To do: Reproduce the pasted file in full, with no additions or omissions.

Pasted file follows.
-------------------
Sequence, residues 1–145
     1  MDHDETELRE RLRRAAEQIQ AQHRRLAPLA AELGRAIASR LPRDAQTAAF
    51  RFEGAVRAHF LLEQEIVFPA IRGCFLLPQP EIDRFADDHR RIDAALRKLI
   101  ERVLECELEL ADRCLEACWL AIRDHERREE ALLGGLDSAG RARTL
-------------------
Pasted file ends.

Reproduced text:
Sequence, residues 1–145
     1  MDHDETELRE RLRRAAEQIQ AQHRRLAPLA AELGRAIASR LPRDAQTAAF
    51  RFEGAVRAHF LLEQEIVFPA IRGCFLLPQP EIDRFADDHR RIDAALRKLI
   101  ERVLECELEL ADRCLEACWL AIRDHERREE ALLGGLDSAG RARTL